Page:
Can’t we just remove addiction from the debate?

Listening to a BBC Business Daily report: Doing Business with Addicts it was obvious that the interviewer was not so much engaged in exploring the pros and cons of e-cigarettes as in rejoining with some inflammatory (which he, I am sure, has confused with tough) questions.

Justin Rowlatt (the interviewer) keeps referring to nicotine as a “fiercely addictive and a powerful stimulant” and “dangerous drug”. And “In an ideal world people would not be taking powerful stimulants”.

Yes, a most powerful stimulant as I have noticed when smokers or vapers run amok and lift twice their body weight soon after inhaling.

But he keeps harping on the addictiveness of nicotine as crucial and that there is something unusual about a business that supplies a drug to people who want it. “Its much easier to run a business if your customers are addicts.” Of course the implication is that this is immoral and no different from selling heroin.

Of course coffee shops are the obvious example of a socially approved drug supplier and safe ingestion site but is the e-cigarette business really any different from any business that provides a product that people like to use or experience on a regular or continuing basis?

Many have pointed out that addiction is too vague a construct to be attached to nicotine and not to walking in the park every day (in other words any activity that makes you feel out of sorts when you are not able to do it). Others have pointed out that addiction is a relationship that can occur between a person and a substance/behavior typically when the person is missing something in life. It is not inherent to the substance or you would not have so many people who are casual or once-for-a-while drug users.

Ultimately whatever your definition of addiction is the focus should be whether the behavior ends up as a benefit or a cost. Does it improve your life? Does it make you feel better or worse and does it impact your health?

Some people find that nicotine improves brain function. Many more people find that it just makes them feel better and that’s the only reason you need to justify using it when, as in vaping, there are no real health costs.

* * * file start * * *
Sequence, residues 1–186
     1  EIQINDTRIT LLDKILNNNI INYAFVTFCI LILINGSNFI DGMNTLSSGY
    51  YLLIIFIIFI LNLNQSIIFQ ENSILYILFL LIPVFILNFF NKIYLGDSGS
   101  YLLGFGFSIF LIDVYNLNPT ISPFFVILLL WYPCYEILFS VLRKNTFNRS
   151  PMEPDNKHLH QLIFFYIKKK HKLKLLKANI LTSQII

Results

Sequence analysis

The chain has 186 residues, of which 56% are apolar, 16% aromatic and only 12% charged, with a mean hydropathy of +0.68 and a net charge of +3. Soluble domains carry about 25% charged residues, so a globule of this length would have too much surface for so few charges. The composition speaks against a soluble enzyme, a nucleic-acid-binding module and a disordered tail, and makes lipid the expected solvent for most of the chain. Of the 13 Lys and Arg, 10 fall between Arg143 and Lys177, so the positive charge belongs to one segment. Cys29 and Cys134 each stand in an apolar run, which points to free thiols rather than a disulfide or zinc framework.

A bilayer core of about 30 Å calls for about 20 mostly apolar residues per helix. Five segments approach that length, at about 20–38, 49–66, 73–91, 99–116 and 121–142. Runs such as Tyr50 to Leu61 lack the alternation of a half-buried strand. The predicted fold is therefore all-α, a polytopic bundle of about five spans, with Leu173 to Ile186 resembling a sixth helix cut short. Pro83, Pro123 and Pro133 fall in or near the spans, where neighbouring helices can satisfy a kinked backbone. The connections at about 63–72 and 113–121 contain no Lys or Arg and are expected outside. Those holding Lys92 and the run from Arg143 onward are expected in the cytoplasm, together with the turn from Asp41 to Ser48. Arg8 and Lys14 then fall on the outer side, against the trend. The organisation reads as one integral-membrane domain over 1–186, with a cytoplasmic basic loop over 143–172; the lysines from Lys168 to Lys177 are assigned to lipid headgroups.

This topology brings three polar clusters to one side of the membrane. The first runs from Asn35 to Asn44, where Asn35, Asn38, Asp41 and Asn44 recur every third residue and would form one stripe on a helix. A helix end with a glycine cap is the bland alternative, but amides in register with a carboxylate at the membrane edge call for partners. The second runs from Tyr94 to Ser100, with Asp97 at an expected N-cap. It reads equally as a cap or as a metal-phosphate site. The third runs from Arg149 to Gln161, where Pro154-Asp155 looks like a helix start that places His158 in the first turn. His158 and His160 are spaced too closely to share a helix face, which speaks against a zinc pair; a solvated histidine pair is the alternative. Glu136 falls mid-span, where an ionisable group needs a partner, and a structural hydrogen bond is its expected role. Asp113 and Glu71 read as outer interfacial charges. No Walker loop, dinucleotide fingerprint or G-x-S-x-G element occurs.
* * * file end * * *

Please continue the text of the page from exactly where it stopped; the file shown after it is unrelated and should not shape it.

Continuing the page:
If using nicotine is about as harmful as using caffeine then whether or not it is addictive is beside the point.

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3 thoughts on “Can’t we just remove addiction from the debate?

  1. You seem to be working under the assumption that people argue against e-cigarettes (or much of anything else) with some kind of logic. Unfortunately, that’s rarely the case. They’re going to try to paint this thing they hate — usually for reasons that have nothing to do with logic — in the most unfavorable light possible.

    If you’re going to ask people like that to ignore the truth that addiction, in itself, isn’t a bad thing, you’ve also got to ask them to admit that there’s no evidence anyone is harmed by vaping, no proof that e-cigarettes act as a gateway to tobacco… hell, you’d even have to get them to admit that they actually do know what ingredients are in e-liquid, and that none of them are toxic.

    Truth is not a currency for these people.

  2. Yes, let’s remove the word “addiction” from the debate. Nicotine, like caffeine, produces “dependency”. Dependency + negative consequences = addiction, but since there are no negative consequences to getting nicotine in a safe way like an ecig there is no addiction.

  3. Pingback: Can't we just remove addiction from the debate?...

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